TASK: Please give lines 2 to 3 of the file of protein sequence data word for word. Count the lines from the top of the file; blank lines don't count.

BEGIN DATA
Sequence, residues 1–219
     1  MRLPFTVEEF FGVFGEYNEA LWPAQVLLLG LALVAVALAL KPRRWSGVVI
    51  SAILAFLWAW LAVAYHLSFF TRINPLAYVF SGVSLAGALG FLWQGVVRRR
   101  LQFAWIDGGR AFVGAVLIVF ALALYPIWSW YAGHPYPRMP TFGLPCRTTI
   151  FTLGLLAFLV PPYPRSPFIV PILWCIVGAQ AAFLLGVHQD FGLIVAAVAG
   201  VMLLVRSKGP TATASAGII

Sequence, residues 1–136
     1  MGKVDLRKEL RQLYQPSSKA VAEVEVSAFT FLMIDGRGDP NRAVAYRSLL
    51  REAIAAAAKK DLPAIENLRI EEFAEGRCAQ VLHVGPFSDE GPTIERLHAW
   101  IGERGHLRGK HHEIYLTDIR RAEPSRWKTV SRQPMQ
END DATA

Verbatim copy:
     1  MRLPFTVEEF FGVFGEYNEA LWPAQVLLLG LALVAVALAL KPRRWSGVVI
    51  SAILAFLWAW LAVAYHLSFF TRINPLAYVF SGVSLAGALG FLWQGVVRRR